Etiology of this syndrome

      Cloister syndrome occurs due to the existence of brain damage, especially in the brainstem. The most common is damage to the bulge. The breakdown of nerve fibers in this area is what generates generalized motor paralysis and horizontal gaze control.

      Usually this fiber break it is caused by a stroke or stroke with effects in this area, although it may also appear due to traumatic brain injury or disease or tumor. In some cases, it was caused by overdose.

      Depending on its causes, cloister syndrome can be chronic or transient, being the last of the hypotheses that admits the partial or even complete recovery of the functions of the progressive pathway.


        Cloister syndrome has no treatment or therapy to cure it. In some cases, if the cause of cloister syndrome is transient or can be recovered improvements may occur and the patient can perform certain movements.

        In most cases, the treatments applied are mainly aimed at keeping the person alive and ensuring that they can breathe and eat properly (the latter by tube). Also to be avoided the emergence of complications related to the lack of movement (For example, avoiding ulcers and sores causes them to stay in the same position for a long time, monitoring nutrition, injecting drugs that keep blood flowing properly throughout the body and without thrombus formation). Physiotherapy is also used to maintain flexibility in joints and muscle groups.

        Another major goal of treatment is developing and learning methods to enable the patient to communicate with their loved ones, for example by the use of pictograms or by eye movements. In some cases, it is even possible to use ICT as an element of communication thanks to the translation of these eye movements. In cases where the eyes do not have mobility, it is also possible to establish simple communication codes through elements that record brain activity, such as the electroencephalogram.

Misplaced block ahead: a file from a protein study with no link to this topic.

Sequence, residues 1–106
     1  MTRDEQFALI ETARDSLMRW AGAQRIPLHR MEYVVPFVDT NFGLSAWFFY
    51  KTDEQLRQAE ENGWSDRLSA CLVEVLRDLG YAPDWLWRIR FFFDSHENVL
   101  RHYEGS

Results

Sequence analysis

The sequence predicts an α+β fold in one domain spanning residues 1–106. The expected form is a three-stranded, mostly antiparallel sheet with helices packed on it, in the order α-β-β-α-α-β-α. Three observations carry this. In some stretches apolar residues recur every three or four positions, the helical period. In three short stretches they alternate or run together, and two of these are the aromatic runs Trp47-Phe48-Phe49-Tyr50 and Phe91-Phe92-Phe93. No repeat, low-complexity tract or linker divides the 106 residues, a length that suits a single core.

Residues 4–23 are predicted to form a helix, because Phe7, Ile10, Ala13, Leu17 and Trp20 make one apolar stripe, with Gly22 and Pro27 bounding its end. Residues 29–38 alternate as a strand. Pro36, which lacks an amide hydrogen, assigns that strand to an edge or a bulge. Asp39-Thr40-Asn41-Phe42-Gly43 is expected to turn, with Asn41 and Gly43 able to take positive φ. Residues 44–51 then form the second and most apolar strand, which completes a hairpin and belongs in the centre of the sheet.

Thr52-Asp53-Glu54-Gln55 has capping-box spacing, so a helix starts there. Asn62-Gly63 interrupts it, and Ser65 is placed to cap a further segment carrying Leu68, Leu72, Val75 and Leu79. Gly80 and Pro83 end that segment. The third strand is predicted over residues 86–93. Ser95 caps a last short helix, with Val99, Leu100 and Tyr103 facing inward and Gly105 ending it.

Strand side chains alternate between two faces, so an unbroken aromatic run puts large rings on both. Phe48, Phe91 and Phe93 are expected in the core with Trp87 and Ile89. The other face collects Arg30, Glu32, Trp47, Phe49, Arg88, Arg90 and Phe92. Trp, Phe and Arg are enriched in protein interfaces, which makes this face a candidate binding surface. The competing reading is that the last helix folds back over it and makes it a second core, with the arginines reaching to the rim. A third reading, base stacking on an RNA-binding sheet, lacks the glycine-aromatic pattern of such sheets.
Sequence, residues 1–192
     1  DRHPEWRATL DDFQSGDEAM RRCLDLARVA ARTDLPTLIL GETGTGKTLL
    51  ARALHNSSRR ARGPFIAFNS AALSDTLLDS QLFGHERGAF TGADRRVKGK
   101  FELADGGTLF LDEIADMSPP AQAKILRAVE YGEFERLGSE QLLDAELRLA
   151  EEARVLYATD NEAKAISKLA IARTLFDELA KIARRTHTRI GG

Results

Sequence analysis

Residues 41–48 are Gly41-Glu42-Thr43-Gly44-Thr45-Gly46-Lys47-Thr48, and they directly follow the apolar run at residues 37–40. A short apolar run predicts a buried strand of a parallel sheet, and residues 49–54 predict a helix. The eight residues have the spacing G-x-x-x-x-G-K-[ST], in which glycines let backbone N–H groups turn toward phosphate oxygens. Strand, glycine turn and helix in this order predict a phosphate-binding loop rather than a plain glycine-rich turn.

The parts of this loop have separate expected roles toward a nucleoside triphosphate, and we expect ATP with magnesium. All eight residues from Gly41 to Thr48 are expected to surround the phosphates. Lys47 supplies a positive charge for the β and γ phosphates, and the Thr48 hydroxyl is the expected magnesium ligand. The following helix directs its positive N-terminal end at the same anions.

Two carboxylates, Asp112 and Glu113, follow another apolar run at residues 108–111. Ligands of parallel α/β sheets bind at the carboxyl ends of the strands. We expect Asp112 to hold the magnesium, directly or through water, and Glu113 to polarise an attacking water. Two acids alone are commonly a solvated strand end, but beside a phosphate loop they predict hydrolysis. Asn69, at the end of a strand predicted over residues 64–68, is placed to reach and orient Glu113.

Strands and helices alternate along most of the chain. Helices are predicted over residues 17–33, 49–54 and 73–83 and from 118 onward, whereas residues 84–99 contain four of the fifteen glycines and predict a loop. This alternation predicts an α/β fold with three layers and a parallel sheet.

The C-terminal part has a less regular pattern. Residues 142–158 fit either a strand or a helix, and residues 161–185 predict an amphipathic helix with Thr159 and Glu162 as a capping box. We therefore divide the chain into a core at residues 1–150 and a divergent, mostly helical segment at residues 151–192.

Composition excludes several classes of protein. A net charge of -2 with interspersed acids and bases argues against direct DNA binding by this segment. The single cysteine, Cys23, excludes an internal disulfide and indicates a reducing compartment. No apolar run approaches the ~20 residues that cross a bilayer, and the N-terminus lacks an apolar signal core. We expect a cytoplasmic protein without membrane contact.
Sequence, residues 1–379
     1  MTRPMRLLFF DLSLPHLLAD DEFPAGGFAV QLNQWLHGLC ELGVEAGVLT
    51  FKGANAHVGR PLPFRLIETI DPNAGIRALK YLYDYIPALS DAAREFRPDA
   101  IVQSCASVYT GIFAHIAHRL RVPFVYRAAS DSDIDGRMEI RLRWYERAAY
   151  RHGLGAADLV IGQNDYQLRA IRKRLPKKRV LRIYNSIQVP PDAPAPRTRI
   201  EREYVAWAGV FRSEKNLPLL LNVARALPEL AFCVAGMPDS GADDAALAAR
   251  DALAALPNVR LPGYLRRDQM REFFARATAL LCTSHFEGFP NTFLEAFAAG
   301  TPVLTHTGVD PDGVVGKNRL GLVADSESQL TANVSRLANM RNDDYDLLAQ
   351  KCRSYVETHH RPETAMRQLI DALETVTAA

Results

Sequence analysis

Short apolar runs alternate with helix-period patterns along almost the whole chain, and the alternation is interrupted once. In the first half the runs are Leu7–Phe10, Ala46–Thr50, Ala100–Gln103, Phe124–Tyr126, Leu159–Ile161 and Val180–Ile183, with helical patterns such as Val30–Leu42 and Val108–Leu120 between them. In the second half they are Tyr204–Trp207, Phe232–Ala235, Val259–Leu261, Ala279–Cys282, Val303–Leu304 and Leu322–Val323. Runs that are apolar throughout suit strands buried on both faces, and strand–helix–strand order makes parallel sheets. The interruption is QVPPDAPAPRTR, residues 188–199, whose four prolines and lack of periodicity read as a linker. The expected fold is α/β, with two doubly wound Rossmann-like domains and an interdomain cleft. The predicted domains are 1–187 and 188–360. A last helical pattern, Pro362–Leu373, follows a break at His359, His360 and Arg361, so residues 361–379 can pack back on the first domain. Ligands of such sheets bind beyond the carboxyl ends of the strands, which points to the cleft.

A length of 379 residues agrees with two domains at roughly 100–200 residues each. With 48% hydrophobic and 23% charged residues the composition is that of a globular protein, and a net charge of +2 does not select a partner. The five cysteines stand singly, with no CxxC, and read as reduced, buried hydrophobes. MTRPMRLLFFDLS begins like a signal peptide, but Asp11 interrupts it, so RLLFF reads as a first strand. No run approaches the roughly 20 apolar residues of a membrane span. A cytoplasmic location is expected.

Must also take into account feelings of loneliness, incomprehension and panic that these subjects often suffer, with what would be useful advice and possible treatment at the psychological level. Psychoeducation can also be very helpful for them and their families, so it helps generate guidelines that allow them to deal with the situation.

        The overall prognosis for this condition is not positive. Most cases tend to die within the first few months, although sometimes they can live for several years. In some cases, it can regain part of its muscle function. And while this is exceptional, on some occasions, such as in the case of Kate Allatt, a full recovery has been achieved.

        Bibliographical references:

        • Maiese, K. (sf). Cloister syndrome. MSD Manual. Version for professionals.
        • Lara-Reyna, J .; Burgos-Morales, N .; Achim J .; Martínez, D. and Cárdenas, B. (2015). Cloister syndrome. Presentation of a case. Chilean Journal of Neurosurgery, 41.
        • Smith, E. and Delargy, M. (2005). Blocked syndrome. BMJ; 330-406